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Posted on May 4, 2006 in Boardgames, Front Page Features

ASL Starter Kit #2 – Boardgame Review

By Robert Delwood

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MMP Aims for New ASL Players, Reconnects to Squad Leader

MMP (Multi Man Publishing) entered a brave new world with their releases of the Advanced Squad Leader Starter Kits (ASLSK#1, $24, ASLSK#2, $28). New world in that it is an introductory package to ASL; brave by the fact it is simple. On both accounts, they pull it off.

A Game Made Simple

If a war game could ever get a reputation, it would likely be Advanced Squad Leader (ASL) for complexity – or at least the sheer volume of its rule book. The basic rules (Chapters A-E) alone are 209 pages. Add in the vehicle notes, individual modules and campaign game rules, and the count soars to over 600 pages. In addition, to achieve even those number of pages, the game uses its own lingo and grammar. The “«” sign is used instead of the lengthier “less than or equal” phrase. "DR" in capital letters means to roll two dice while the lower case "dr" is for a single die, and even “ADJACENT” (again in all capitals) has a different meaning than “adjacent.” It seems my tenth grade trigonometry class “iff” statement (“if and only if”) may have actually prepared me for something. Just for the initial shock of the size of the rule book, it’s little wonder why gamers, experienced or not, can be so dismissive of ASL. Besides the perceived learning curve, there’s a perceived commitment and a cost. Perhaps the last point is the most valid since there is a cost to buying the rules book, modules, and magazines.

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However, there doesn’t have to be a steep learning curve or a commitment. The creators of Squad Leader knew that in 1977 when they recognized it was going to be a complex game and warned players “’biting off more than you can chew’ is a guaranteed way of finding frustration,” (Squad Leader, page 1, 1977) and introduced the rules in a programmed instruction format. With the release ASLSK#1, MMP set out to reaffirm the simple learning curve. To prove that ASL does not have to be intimidating, the ASLSK#1 is a scaled-back version of the complete game. It is intended for those wanting to try ASL but who are not willing invest the time, effort, or money, literally on the roll of dice, or DR as it were. In many cases, learning ASL is more of an issue of having other experienced players around. Certainly, the best way to learn is from someone who already knows the game. In the absence of any, the ASLSK#1 may be the next best thing.

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The ASLSK format is not programmed instructions but a reduction of the number of rules overall. The most impressive feat is that the rules are only 12 pages long. More accurately, the rules book is 12 pages; the actual rules are only about nine pages with examples filling out most of the rest. The ASLSK’s may be scaled back but they’re not watered down. So how do they cut so many rules while keeping the heart and soul of the game? To begin with, the ASLSK#1 is only infantry, and ASLSK#2 adds guns such as mortars and antitank weapons. These limitations alone remove 149 pages (of 209) by not having to address unusual terrain (Chapter B), most of the guns and ordnance (Chapter C), tanks (Chapter D), and other special rules (Chapter E). What remains are about 60 pages from the full rule book. From there, MMP removes esoteric features (such as Human Wave, fire lanes for machine guns, and Battle Field Integrity [an optional rule anyway]). At this point, the game is still the full version of ASL and even experienced players may not notice the omissions.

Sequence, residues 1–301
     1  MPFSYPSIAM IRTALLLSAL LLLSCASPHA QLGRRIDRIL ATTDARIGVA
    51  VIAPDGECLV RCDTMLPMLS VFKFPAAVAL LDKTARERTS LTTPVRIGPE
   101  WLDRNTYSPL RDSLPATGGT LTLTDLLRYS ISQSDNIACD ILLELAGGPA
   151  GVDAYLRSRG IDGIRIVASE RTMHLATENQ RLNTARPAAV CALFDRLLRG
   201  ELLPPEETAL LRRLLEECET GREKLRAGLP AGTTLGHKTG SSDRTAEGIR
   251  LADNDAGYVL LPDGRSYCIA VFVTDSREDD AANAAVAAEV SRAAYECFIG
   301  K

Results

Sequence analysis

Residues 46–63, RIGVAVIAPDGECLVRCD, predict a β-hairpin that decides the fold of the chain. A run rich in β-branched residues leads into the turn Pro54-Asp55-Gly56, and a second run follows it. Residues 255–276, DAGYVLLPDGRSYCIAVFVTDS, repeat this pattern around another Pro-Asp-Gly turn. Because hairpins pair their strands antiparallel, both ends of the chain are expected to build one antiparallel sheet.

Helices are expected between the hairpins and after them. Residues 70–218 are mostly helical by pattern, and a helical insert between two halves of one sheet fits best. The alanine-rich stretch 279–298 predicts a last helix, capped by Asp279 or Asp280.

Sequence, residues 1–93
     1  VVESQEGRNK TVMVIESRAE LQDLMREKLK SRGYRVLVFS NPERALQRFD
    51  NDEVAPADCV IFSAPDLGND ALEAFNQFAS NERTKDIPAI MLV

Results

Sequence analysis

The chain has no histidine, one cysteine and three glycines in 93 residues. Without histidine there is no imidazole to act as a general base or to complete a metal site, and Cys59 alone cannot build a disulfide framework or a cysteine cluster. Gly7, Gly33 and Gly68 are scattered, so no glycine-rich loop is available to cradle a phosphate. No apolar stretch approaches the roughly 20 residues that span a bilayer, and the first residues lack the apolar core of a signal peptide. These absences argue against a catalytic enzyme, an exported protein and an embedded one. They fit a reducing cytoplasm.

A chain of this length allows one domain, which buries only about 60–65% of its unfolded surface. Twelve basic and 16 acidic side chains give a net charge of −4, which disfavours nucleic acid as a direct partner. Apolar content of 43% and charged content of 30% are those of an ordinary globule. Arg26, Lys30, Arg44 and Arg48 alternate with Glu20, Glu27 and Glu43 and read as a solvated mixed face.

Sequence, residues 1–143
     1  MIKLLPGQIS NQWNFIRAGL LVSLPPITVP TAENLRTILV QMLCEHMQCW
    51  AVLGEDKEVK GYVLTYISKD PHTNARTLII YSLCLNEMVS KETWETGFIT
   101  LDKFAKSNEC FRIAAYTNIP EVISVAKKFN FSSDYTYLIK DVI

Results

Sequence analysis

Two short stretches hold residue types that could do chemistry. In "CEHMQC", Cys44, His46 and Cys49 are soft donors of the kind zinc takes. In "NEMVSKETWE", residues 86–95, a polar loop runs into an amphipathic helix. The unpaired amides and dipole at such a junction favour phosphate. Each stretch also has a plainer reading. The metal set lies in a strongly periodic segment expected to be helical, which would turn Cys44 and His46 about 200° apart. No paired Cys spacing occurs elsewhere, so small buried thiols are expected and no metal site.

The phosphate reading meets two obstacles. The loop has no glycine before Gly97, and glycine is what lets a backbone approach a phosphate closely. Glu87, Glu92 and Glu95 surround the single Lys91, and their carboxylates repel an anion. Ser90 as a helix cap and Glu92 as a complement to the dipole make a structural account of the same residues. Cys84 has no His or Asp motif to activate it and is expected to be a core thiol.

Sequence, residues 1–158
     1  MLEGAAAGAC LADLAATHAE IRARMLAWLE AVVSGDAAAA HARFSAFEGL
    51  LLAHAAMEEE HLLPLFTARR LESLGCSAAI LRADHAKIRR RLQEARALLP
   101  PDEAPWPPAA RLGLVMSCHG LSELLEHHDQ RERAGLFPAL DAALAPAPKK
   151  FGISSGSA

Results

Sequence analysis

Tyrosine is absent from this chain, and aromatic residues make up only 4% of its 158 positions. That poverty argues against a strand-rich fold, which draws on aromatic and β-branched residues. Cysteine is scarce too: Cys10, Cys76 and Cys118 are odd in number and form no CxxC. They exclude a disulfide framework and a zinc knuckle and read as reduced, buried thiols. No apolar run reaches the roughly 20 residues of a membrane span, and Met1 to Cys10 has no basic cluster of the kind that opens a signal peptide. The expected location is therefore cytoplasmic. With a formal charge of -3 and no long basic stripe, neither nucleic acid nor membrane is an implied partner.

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It is only now that MMP makes hard decisions to compact the rules further. Included in the additional cuts are concealment, bypass movement around certain terrain types, snipers and heroes, among others. True, these all add flavor and some players may argue those rules are fundamental. For example, the concealment rules, which include hidden units becoming less of a target for fire combat, and dummies, are important and definitely affect play. But MMP is trying to say they are not required. Snipers and heroes add variability and reflect “stuff happens” on the battlefield. If ASLSK players move on to the complete rules, they will appreciate the subtlety and nuance of these rules. Don’t worry, the rules will get added back. ASLSK#3 plans to add tanks and other armored fighting vehicles. MMP plans to support ASLSK gamers with new scenarios. However, it will be through The Gamer’s Operations magazine rather than the ASL Journal. The kit is also a complete game just as the box says. Each kit includes all the components required to play — such as two ASL-sized maps, eight scenarios, counters for the nationalities and supporting information, charts, the rule book, and even two dice, as if any gamer since Dungeon and Dragons needs more of those. The bottom line is that these games are playable and fun. It would be helpful to think of ASLSK as a game in its own right – it’s as complete as any other game and there’s no requirement to have ASL.

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